the monetary system is then to insure that this policy is successful. The view that control of the banking system is all that is needed to secure full employment is false, but control of the banking system is necessary in order to control the rate of interest.

When demand is excessive (as in the post-war period) there is no reason to lower the interest rate for the sake of increasing employment. Indeed it can be plausibly argued that a rise in the rate of interest, which would check private investment, and perhaps encourage saving, is then desirable. But the problem of financing the national debt, as well as the long-run advantages of permanent low interest, tell very strongly against such a policy. In spite of a set back in 1948 due to trying to rush the rate of interest down faster than the public opinion of financiers would accept, it appears to be accepted policy to maintain low interest rates, and to rely upon other means to curb excessive demand.

Questions For discussion

1. What influence have the banks over the level of employment? 2. What would be the consequences of a permanent fall in the rate of interest to a very low level?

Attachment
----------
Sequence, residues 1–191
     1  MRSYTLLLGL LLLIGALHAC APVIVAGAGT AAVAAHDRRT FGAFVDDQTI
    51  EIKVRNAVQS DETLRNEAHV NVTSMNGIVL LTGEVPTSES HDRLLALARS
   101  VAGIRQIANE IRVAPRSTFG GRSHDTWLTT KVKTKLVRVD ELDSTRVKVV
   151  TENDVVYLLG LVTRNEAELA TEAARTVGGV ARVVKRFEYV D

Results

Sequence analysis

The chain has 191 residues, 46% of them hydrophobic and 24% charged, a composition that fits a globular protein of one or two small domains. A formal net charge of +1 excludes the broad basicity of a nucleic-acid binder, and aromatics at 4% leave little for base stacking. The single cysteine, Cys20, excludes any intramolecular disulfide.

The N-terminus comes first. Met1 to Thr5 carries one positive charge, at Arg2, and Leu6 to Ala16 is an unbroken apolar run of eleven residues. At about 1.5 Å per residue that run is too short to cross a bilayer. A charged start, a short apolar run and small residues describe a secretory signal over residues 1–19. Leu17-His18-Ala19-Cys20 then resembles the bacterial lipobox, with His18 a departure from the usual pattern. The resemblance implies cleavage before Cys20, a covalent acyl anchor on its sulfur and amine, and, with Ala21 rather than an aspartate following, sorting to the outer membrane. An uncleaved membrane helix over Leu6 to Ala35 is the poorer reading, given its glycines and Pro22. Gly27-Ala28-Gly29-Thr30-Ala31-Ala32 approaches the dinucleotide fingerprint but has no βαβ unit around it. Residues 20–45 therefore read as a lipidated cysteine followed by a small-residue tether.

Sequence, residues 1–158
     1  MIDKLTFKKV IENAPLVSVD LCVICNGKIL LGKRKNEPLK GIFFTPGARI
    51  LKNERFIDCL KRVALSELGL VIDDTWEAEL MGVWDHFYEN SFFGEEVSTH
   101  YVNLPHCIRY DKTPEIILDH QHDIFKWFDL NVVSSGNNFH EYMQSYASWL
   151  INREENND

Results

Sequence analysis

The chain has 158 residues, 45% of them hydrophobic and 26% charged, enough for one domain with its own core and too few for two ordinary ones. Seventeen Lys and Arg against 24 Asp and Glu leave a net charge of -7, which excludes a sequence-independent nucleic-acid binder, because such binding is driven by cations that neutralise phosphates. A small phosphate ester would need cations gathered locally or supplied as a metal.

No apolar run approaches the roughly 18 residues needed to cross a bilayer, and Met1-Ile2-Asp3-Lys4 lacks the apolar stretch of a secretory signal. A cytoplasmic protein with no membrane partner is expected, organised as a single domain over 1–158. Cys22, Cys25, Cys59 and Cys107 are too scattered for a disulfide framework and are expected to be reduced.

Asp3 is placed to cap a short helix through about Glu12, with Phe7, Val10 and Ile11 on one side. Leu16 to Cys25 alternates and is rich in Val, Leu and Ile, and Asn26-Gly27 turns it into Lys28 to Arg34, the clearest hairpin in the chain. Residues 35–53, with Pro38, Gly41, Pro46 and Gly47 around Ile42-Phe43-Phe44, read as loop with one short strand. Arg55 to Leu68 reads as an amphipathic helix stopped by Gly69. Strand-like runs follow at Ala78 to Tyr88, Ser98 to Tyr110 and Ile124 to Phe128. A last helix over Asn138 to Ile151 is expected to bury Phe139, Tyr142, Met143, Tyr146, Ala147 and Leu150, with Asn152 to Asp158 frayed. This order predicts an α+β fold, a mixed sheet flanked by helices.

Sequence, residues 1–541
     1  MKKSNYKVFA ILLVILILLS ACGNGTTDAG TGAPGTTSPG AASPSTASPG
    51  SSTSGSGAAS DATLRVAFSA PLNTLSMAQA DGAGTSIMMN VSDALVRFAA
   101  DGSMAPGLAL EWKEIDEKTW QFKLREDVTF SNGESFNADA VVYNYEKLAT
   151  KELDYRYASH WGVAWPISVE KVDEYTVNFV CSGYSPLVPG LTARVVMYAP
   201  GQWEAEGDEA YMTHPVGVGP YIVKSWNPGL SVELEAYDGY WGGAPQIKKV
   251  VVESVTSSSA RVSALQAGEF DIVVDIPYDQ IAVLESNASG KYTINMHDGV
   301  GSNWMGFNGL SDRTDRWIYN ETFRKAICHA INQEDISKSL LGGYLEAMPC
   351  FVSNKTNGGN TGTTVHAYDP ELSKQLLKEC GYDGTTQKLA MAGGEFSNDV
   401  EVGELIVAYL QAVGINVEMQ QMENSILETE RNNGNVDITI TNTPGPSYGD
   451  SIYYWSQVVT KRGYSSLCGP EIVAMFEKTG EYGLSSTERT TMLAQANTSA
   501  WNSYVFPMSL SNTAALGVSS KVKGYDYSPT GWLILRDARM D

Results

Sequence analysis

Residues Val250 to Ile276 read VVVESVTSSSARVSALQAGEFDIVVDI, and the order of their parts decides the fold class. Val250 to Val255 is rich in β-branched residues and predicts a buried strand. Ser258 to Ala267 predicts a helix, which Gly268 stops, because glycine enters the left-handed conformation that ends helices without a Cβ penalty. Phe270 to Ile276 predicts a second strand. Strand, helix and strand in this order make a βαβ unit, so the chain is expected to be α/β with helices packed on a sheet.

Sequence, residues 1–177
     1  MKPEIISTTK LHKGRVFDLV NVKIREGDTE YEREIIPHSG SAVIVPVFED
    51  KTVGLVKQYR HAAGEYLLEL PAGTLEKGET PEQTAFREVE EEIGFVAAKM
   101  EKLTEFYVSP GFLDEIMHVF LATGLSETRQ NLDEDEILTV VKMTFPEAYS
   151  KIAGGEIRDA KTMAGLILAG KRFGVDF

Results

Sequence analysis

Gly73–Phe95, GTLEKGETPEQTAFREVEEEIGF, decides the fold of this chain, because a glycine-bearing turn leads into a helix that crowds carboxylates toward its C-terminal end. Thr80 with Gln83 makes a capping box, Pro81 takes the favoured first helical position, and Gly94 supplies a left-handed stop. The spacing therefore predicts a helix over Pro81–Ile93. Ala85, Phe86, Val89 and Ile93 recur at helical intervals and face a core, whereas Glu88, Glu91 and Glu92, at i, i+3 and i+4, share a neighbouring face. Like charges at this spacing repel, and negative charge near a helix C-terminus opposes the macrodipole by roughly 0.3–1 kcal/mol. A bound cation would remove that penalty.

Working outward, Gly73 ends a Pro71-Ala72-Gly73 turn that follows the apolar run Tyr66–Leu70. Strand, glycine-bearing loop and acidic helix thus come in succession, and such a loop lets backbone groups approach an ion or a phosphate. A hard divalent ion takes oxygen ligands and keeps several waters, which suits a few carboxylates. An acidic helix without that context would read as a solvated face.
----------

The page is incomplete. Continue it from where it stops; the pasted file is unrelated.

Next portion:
3. What light does recent experience throw on the power of the au-thorities to control the rate of interest?

7. international proBleMs

1. uneMployMent as a World proBleM

Chronic under-employment and the trade cycle are world problems. Unemployment is a catching disease. If there is a fall in activity and incomes in one country, demand in that country for imported goods falls, along with demand for home products, and consequently there is unemployment and loss of profits in the countries which export to it. Those countries in turn suffer a loss of income and reduce their im-ports, and so the disease spreads. Contrariwise, if one country increases its activity, its consumption of imports rises, and prosperity increases in the world outside. We have already come across this fact when we were discussing the multiplier. Part of the increase in employment due to an increase in investment in one country will take place abroad,